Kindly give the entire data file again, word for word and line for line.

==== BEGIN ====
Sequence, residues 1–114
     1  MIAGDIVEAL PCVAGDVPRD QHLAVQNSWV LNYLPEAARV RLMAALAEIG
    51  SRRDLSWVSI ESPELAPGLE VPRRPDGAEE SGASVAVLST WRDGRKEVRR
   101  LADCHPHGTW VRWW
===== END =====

Sequence, residues 1–114
     1  MIAGDIVEAL PCVAGDVPRD QHLAVQNSWV LNYLPEAARV RLMAALAEIG
    51  SRRDLSWVSI ESPELAPGLE VPRRPDGAEE SGASVAVLST WRDGRKEVRR
   101  LADCHPHGTW VRWW